EUV will use plasma and lasers to make next-gen chips

Extreme ultraviolet lithography is the next phase of chip manufacture.

Microchips are so ubiquitous, it's easy to lose sight of how remarkable they actually are. Something as mundane as a thermostat or singing greeting card contains millions of microscopic structures created in one of the most remarkable manufacturing processes ever developed.

The current process has been evolving since around 1977, and works sort of like a projector. Lasers shine light through a mask, which is like the blueprint for the chip, and projects the mask onto light-sensitive chemicals painted onto a slab of silicon. The result is almost like exposing a photograph: The light transmits the image of the chip onto the silicon, where it can be etched directly into the metal. This process is called photolithography, and as it's become more advanced, transistors have gotten smaller, faster and more energy efficient.

The specific mechanics of making a chip are already insanely complicated, requiring atom-scale accuracy and some of the most precise manufacturing tools ever created, but the current method has its limits. This process has been in use for nearly 15 years, and it's running out of steam. Parts of the transistors on a chip are now on the order of 7 to 10 nanometers in size, far smaller than the 193nm UV light used to create them.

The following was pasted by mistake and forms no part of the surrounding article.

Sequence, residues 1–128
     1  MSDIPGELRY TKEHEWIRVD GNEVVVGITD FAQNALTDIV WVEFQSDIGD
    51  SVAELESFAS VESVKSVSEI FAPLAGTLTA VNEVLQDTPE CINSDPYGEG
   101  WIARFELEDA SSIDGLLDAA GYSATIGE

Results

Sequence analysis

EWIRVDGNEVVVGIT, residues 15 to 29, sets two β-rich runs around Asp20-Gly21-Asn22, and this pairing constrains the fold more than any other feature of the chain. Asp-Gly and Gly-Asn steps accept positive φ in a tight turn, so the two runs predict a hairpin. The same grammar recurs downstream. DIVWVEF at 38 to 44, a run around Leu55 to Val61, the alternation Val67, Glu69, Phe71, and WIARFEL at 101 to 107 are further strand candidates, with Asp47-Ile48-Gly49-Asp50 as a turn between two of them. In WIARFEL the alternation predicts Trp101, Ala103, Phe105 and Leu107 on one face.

Manufacturers needed to redesign the process if we were going to keep making better and faster chips, and the new process is extreme ultraviolet lithography, or EUV. Companies have been working for years to develop this next step in chipmaking, and we are just seeing the first devices made with EUV coming to market.

To learn more about this process, I went to two of Intel's manufacturing facilities where they are developing EUV to see the machines in person, and learn more about this extreme manufacturing.

An evolutionary leap, EUV still projects a chip blueprint onto silicon, but it uses light with an incredibly small wavelength to do so, the better for creating minuscule features.

At these tiny wavelengths, the UV light is absorbed by nearly everything, and it can't be generated with a typical laser. The process is far more exotic, involving liquid metal and high energy plasma. The technical challenges are immense, but the payoff is a leap in the speed and energy efficiency of our devices.